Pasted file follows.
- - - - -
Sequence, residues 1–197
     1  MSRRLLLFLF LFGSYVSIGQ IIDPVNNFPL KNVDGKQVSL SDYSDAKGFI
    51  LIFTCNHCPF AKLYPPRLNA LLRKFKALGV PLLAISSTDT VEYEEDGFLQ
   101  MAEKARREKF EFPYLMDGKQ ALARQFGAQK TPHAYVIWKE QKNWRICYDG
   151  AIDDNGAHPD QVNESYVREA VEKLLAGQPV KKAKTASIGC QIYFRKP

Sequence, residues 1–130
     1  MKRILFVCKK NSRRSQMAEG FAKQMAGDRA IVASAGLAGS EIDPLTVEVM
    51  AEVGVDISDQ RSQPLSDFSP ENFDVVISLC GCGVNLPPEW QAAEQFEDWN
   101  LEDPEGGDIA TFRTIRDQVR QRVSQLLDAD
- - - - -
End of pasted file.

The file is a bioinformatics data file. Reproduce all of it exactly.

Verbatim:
Sequence, residues 1–197
     1  MSRRLLLFLF LFGSYVSIGQ IIDPVNNFPL KNVDGKQVSL SDYSDAKGFI
    51  LIFTCNHCPF AKLYPPRLNA LLRKFKALGV PLLAISSTDT VEYEEDGFLQ
   101  MAEKARREKF EFPYLMDGKQ ALARQFGAQK TPHAYVIWKE QKNWRICYDG
   151  AIDDNGAHPD QVNESYVREA VEKLLAGQPV KKAKTASIGC QIYFRKP

Sequence, residues 1–130
     1  MKRILFVCKK NSRRSQMAEG FAKQMAGDRA IVASAGLAGS EIDPLTVEVM
    51  AEVGVDISDQ RSQPLSDFSP ENFDVVISLC GCGVNLPPEW QAAEQFEDWN
   101  LEDPEGGDIA TFRTIRDQVR QRVSQLLDAD